For the past 13 years, conservative radio host Rush Limbaugh has used one part of one sentence to try to prove that man-made climate change does not exist.
“Yes, it is true that the science does not definitively tell us that global warming increases the frequency of hurricanes,” former vice president Al Gore said to the Sierra Club on Sept. 9, 2005, weeks after one of the strongest hurricanes in U.S. history made landfall. “But it is also true that the science is extremely clear now, that warmer oceans make the average hurricane stronger.”
Limbaugh has since repeatedly referred to part of Gore’s remarks when noting that a major hurricane did not hit the United States for over a decade after 2005, to dismiss the science behind climate change as a political “agenda,” which you can watch in the video above.
“Al Gore and his acolytes ... they’re the ones that started warning everybody that Katrina was just the first of many. We were going to have more and more hurricanes like Katrina and they’re going to be stronger and stronger because of climate change,” Limbaugh said on Sept. 6, 2017, while falsely asserting that weather and climate are the same thing. “And then 12 years went by, and there was not a single major hurricane.”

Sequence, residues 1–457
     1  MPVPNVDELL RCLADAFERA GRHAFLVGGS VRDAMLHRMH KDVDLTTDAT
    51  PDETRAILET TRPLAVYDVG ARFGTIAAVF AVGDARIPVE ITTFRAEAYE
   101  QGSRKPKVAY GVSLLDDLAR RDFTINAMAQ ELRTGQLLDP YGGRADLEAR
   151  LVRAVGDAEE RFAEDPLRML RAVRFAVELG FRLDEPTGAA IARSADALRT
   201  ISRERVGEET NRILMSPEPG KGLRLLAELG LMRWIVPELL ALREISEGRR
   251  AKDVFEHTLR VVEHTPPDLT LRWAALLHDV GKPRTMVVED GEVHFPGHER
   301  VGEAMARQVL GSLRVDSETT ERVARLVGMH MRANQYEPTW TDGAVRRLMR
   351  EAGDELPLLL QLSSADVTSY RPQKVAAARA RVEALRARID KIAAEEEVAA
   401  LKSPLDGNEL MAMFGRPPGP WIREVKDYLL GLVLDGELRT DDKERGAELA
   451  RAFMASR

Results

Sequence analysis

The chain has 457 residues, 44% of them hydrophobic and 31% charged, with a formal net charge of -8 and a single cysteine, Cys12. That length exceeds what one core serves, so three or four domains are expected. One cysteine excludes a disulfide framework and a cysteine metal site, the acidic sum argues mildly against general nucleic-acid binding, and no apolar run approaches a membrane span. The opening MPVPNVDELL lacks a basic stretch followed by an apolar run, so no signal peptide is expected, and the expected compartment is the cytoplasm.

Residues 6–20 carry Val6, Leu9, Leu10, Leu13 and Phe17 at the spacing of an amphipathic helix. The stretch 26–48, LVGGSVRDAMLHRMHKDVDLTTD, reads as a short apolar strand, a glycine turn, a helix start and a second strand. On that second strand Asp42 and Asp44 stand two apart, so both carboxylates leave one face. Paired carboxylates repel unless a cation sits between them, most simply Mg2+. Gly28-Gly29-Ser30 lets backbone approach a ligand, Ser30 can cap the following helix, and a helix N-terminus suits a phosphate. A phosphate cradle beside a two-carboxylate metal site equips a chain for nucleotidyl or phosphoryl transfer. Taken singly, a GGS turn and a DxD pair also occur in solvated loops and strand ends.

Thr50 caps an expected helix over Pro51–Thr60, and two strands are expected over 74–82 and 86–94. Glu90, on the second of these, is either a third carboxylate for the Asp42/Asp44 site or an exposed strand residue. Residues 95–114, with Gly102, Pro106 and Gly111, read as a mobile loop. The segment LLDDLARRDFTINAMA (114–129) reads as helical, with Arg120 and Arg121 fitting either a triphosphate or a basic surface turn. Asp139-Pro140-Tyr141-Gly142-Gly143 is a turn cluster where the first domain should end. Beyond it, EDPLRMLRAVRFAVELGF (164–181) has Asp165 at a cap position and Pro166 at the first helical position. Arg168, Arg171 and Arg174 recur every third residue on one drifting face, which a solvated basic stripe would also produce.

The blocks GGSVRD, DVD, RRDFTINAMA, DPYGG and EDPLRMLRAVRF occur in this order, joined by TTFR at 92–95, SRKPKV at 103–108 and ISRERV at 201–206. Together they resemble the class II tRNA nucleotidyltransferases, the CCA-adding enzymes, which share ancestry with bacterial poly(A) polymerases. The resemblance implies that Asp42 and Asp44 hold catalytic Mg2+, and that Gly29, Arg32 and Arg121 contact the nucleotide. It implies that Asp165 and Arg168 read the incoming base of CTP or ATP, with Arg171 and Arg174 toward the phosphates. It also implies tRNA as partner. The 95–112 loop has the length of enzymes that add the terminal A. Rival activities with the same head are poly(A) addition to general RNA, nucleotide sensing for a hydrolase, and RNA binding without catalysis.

Now Limbaugh is using Hurricane Florence to argue that man-made climate change does not exist.
“Climate change is the politics of hurricanes,” Limbaugh said on Tuesday. ”The forecast and the destruction potential doom and gloom is all to heighten the belief in climate change.”
It is the latest example of conspiracy theories Limbaugh has advanced over the past quarter-century to argue that even hurricane tracking has been corrupted by leftists. (Limbaugh says they are not conspiracy theories.) Setting aside that NOAA, NASA and the Pentagon have acknowledged the existence of climate change under Republican and Democratic administrations, Limbaugh’s undermining of hurricane forecasts has potentially dangerous consequences for listeners of America’s most popular talk-radio broadcast, who may disregard the warnings altogether.
Since 2011, Limbaugh has pushed a number of baseless hurricane theories, including:
- President Barack Obama wanted Hurricane Irene to be a “disaster.”
- Hurricane Isaac was forecast to hit Tampa to delay the 2012 Republican National Convention.
- Hurricane Isaac was re-forecast to hit New Orleans to boost Obama’s approval ratings on the anniversary of Hurricane Katrina.
- The media want hurricanes to hit the United States to prove global warming exists.
- The National Hurricane Center is “playing games” with forecasts so it can blame hurricanes on climate change.
- More than a decade without major hurricanes hitting the United States “bores a hole right through the whole climate change argument.”
- The media and retailers exaggerate the threat of hurricanes for money.
- Sharks have been swept up by Hurricane Florence.
Days before Hurricane Irma made landfall last year, Limbaugh again warned his listeners about the forecasts.
“The reason that I am leery of forecasts this far out, folks, is because I see how the system works,” Limbaugh said. “One thing that’s undeniable throughout our culture is that everything has been politicized. And in that sense much of our public information system, including from the government, from the drive-by media, has been corrupted.”
Three days later, Limbaugh evacuated his Florida home as Irma hit.